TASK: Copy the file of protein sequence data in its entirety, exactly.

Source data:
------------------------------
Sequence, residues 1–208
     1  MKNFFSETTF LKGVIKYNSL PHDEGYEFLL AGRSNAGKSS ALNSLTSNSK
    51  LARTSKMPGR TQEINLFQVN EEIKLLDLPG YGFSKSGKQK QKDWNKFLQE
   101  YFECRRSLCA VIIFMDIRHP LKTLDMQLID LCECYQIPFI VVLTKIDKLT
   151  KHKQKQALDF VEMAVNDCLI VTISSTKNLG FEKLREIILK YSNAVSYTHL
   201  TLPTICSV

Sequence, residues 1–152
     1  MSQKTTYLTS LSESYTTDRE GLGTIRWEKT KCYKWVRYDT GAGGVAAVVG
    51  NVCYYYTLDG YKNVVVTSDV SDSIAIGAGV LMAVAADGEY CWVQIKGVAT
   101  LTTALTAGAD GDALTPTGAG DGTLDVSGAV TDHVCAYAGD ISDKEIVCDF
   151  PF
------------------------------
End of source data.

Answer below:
Sequence, residues 1–208
     1  MKNFFSETTF LKGVIKYNSL PHDEGYEFLL AGRSNAGKSS ALNSLTSNSK
    51  LARTSKMPGR TQEINLFQVN EEIKLLDLPG YGFSKSGKQK QKDWNKFLQE
   101  YFECRRSLCA VIIFMDIRHP LKTLDMQLID LCECYQIPFI VVLTKIDKLT
   151  KHKQKQALDF VEMAVNDCLI VTISSTKNLG FEKLREIILK YSNAVSYTHL
   201  TLPTICSV

Sequence, residues 1–152
     1  MSQKTTYLTS LSESYTTDRE GLGTIRWEKT KCYKWVRYDT GAGGVAAVVG
    51  NVCYYYTLDG YKNVVVTSDV SDSIAIGAGV LMAVAADGEY CWVQIKGVAT
   101  LTTALTAGAD GDALTPTGAG DGTLDVSGAV TDHVCAYAGD ISDKEIVCDF
   151  PF